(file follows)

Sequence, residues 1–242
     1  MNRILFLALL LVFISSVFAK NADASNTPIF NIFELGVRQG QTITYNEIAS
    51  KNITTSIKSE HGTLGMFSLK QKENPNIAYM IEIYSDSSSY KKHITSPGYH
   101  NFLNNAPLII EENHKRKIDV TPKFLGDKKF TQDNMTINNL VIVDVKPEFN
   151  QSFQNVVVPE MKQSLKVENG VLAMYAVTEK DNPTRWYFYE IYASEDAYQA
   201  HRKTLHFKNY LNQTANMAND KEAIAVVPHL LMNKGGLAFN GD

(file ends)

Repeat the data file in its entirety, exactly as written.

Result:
Sequence, residues 1–242
     1  MNRILFLALL LVFISSVFAK NADASNTPIF NIFELGVRQG QTITYNEIAS
    51  KNITTSIKSE HGTLGMFSLK QKENPNIAYM IEIYSDSSSY KKHITSPGYH
   101  NFLNNAPLII EENHKRKIDV TPKFLGDKKF TQDNMTINNL VIVDVKPEFN
   151  QSFQNVVVPE MKQSLKVENG VLAMYAVTEK DNPTRWYFYE IYASEDAYQA
   201  HRKTLHFKNY LNQTANMAND KEAIAVVPHL LMNKGGLAFN GD